Aaron departs with his donkey and lamb when the caravan leader haggles the price of his camel.

The lamb is injured when a Roman chariot collides with him as he tries to reach the camel.

In hopes that the infant Jesus might cure the lamb, Aaron plays the drums in his honor. Aaron’s happiness returns when the lamb is saved.

If you were brought up in a Christian family, the story of The Little Drummer Boy, one of Rankin bass Christmas movies, is likely one of your favorites.

In this drama, filmmaker Jason Reitman treads a fine line between sorrow and optimism, with Aaron’s tragic past providing the film’s most potent emotional foundation. And that’s why it’s so satisfying when he finally does.

8. Rudolph the Red-Nosed Reindeer (1964)

A baby reindeer named Rudolph was born with an unusual sparkling nose. With another outcast, an elf called Hermey, who aspires to be a dentist, he decides to break for it.

Eventually, they find themselves on the Island of Misfit Toys after meeting Yukon Cornelius and facing the fearsome Abominable Snow Monster. On Christmas Eve, Rudolph makes his annual visit to Santa’s Workshop.

A snowstorm prevents him from flying, but Santa is persuaded to let him take to the skies once he sees Rudolph’s glistening nose.

Christmas is saved when Rudolph becomes the sleigh’s leader instead of Blitzen.

Although a timeless classic, it does not hold the top spot. Maybe it’s because the story’s been told so many times, but this movie doesn’t strike out as anything special.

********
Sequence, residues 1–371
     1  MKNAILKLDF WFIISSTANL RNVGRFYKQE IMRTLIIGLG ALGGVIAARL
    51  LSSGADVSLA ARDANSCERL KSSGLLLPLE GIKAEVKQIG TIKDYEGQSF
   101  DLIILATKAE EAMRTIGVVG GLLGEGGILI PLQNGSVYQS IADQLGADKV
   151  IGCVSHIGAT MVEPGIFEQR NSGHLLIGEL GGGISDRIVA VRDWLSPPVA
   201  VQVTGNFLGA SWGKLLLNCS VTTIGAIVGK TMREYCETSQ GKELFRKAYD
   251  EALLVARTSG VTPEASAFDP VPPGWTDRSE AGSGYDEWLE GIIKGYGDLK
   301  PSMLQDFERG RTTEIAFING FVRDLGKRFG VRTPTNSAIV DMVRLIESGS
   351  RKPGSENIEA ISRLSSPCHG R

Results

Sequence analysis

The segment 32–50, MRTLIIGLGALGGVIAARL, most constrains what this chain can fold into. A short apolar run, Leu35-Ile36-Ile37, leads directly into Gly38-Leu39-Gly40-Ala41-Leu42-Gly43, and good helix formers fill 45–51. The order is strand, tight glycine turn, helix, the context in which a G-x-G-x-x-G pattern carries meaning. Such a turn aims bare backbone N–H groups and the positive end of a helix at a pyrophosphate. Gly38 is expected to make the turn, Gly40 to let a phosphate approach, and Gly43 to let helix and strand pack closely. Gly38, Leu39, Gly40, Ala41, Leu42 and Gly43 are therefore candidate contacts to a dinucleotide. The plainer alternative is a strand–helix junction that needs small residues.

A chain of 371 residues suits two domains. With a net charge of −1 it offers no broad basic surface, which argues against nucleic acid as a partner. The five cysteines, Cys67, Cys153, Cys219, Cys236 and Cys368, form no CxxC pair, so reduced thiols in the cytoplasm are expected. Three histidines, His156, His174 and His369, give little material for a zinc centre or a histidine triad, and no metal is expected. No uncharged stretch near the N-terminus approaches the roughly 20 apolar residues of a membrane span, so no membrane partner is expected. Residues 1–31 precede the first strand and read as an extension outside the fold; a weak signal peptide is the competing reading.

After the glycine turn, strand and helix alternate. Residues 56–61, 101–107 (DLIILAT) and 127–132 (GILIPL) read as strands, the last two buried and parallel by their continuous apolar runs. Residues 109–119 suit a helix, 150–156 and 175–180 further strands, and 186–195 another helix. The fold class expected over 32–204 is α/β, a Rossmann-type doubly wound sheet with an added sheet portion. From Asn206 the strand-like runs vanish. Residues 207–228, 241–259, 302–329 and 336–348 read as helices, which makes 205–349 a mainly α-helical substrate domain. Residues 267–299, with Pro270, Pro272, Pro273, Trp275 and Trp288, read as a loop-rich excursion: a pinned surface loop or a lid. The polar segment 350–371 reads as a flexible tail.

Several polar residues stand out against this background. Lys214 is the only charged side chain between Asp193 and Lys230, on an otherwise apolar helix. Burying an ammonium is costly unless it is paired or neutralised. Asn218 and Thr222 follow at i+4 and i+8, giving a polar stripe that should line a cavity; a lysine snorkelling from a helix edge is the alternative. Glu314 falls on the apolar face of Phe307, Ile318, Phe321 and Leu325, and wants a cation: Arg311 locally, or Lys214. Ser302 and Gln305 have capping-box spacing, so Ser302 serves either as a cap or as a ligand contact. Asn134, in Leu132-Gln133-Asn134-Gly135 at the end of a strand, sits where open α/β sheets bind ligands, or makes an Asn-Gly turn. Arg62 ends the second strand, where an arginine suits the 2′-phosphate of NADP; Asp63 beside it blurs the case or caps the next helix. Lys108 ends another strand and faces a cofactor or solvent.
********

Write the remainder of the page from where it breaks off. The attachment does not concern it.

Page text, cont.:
And yet, wrapped up in the cozy blanket of a white Christmas, this narrative remains a classic in its ability to teach a universal lesson about the value of loving oneself and others around you. This is indeed one of the best Rankin bass Christmas movies.

9. The Complete Story of Santa Claus (1985)

The Great Ak discovers a baby in the woods, giving it to a lioness and a fairy to care after.

After seeing life in the mortal world for the first time, thanks to Ak, Claus resolves to stay and try to improve it.

He achieves this goal by creating toys for the kids in the community. But King Awgwa and his people attempt to thwart Claus, which sparks hostilities with the immortals.

In the end, the immortal’s triumphs, and Santa makes his rounds to give goodies.

Children start to refer to him as “Saint Claus” or “Santa Claus” because of his generosity.

We learn at the story’s conclusion that Claus has been accepted into the ranks of the Immortals by the Council.

This is the last Rankin/Bass stop-motion Christmas special, and while it is not a very well-known picture, it is nonetheless one of the best Rankin bass Christmas movies.

The inventive backstory, entertaining characters, and unexpectedly fascinating action are all hallmarks of the studio’s narrative approach, and they all appear here.

However, the graphics of the picture seem odd as a consequence of the crew’s attempts at experimentation.

10. Jack Frost (1979)

After saving a human girl called Elisa from Kubla Kraus, Jack Frost finds himself falling in love with her.